When my kids were young, my mother-in-law (who was not a really nice person), would ask me to take her grocery shopping. Then she would load up the cart with thngs that she thought the kids might like (milk, hamburger, fresh fruits, etc).  She was not subtle but I apprecited it. Oddly enough, her son (my now ex) got peeved all the time that she only thought of the kids. So, receiving can vary according to personality.

    The kid's uncle is very well off.  He sends money for holidays and birthdays and sometimes just because.  He  sometimes invites them to visit (he lives out of state) and foots the whole bill. The ice thing about how he helps is that you do not feel like it is a handout and he also does not expect the kids to katow to his wishes or his beliefs.  He does tend to reward those who stay in touch and call or text him more than those who neglect him.

    You neglected to tell us the number of your relatives (5, 20, 50+) because that would make a huge difference in what and how you can help.

    Those who resent your help will also resent you if you do not help ... it is their personality. So, do what makes you feel good and what you thnkis right ... it is your money and you can spend it you want with it.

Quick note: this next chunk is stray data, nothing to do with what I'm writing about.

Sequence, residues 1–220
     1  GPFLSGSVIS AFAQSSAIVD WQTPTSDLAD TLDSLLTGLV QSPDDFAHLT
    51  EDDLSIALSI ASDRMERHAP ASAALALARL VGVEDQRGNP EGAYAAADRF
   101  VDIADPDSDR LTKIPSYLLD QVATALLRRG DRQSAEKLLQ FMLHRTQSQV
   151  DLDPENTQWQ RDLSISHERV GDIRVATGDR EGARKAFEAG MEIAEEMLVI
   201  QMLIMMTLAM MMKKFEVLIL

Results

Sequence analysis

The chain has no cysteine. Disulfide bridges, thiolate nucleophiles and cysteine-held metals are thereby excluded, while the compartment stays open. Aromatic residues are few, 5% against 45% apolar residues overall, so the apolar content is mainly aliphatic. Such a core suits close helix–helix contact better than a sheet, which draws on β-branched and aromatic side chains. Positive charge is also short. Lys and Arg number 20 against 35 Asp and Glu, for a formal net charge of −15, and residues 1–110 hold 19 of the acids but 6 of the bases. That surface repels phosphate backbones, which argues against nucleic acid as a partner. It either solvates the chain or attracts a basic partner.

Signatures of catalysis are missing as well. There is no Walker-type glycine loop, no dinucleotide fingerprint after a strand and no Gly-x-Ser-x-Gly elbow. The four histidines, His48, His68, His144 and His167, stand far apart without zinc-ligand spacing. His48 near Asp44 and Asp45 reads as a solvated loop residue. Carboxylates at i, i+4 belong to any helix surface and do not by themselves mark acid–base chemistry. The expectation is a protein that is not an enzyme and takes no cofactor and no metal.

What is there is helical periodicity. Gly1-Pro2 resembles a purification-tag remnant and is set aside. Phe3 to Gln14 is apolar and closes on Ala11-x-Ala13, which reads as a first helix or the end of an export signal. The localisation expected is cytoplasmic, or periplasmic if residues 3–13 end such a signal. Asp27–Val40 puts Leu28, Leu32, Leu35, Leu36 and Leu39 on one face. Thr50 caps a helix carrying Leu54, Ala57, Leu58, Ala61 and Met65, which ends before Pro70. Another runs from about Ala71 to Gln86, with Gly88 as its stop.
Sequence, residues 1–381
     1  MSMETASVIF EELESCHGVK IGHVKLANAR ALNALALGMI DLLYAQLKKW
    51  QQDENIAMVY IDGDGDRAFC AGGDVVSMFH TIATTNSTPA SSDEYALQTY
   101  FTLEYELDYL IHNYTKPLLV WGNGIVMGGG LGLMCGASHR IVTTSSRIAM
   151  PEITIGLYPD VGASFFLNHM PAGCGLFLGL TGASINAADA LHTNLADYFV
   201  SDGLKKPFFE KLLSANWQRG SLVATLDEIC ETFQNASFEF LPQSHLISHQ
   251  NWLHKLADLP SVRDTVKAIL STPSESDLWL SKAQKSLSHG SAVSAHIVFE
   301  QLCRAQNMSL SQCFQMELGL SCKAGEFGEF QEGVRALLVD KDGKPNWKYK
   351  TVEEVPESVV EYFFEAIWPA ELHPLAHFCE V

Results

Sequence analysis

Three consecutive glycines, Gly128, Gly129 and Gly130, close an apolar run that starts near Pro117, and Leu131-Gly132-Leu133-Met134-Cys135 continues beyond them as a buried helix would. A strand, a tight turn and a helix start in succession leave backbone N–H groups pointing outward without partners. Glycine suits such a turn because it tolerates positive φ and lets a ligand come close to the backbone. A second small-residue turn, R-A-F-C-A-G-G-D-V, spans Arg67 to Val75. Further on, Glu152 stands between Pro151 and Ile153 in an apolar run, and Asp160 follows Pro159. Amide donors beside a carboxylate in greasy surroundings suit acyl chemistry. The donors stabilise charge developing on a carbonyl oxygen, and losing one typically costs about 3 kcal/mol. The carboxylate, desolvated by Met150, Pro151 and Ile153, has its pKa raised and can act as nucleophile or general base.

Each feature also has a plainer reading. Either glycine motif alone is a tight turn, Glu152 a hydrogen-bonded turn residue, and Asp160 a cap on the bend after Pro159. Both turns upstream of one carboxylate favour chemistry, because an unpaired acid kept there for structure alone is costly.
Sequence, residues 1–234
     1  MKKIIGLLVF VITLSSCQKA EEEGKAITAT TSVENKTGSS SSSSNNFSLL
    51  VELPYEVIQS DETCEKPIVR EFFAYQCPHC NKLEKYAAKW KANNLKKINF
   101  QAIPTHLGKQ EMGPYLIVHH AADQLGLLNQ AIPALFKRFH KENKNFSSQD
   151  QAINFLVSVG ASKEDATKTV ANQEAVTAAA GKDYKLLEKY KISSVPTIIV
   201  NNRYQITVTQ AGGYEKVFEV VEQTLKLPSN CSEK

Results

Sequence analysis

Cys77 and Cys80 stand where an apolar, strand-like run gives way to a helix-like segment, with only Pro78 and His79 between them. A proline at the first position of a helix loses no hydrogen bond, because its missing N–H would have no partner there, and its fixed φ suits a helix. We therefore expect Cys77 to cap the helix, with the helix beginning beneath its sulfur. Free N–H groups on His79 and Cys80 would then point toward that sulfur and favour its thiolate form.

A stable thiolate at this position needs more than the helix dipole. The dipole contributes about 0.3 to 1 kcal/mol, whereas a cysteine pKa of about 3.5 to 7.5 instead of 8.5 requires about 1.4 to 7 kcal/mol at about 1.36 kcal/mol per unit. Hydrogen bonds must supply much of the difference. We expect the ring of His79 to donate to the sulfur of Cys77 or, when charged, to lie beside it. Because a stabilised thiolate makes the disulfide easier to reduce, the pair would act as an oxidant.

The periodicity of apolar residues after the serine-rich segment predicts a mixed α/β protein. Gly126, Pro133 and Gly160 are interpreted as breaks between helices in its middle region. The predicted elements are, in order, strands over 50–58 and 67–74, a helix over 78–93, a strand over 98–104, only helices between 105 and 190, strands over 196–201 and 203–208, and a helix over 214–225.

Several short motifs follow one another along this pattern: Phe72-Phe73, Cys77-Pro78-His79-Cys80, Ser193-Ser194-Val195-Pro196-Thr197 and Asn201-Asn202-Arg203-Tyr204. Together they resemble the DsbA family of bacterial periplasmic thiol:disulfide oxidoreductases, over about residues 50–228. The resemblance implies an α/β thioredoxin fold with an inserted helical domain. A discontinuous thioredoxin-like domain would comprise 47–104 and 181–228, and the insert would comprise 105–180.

"Life without liberty is like a body without spirit. Liberty without thought is like a disturbed spirit." Kahlil Gibran, 'The Vision'

    by CorinaR on Fri Jun 29, 2012 at 11:39:44 AM PDT

    •  Large family. Probably in the range of (13+ / 0-)

      20-30, including siblings, nieces and nephews and greats.  But it's only the siblings who have or will soon reach retirement age that I'm really concerned about and that's 3.  I feel comfortable just giving to the younger generation, and have always done that.  But they're beginning to get a bit more settled and that frees up money that I'd like to direct toward my siblings instead.  It's much more difficult to give to them without risking a level of discomfort and perhaps putting up barriers between us.  I'm  trying to figure out if there's a way to do that without coming off as the rich relative.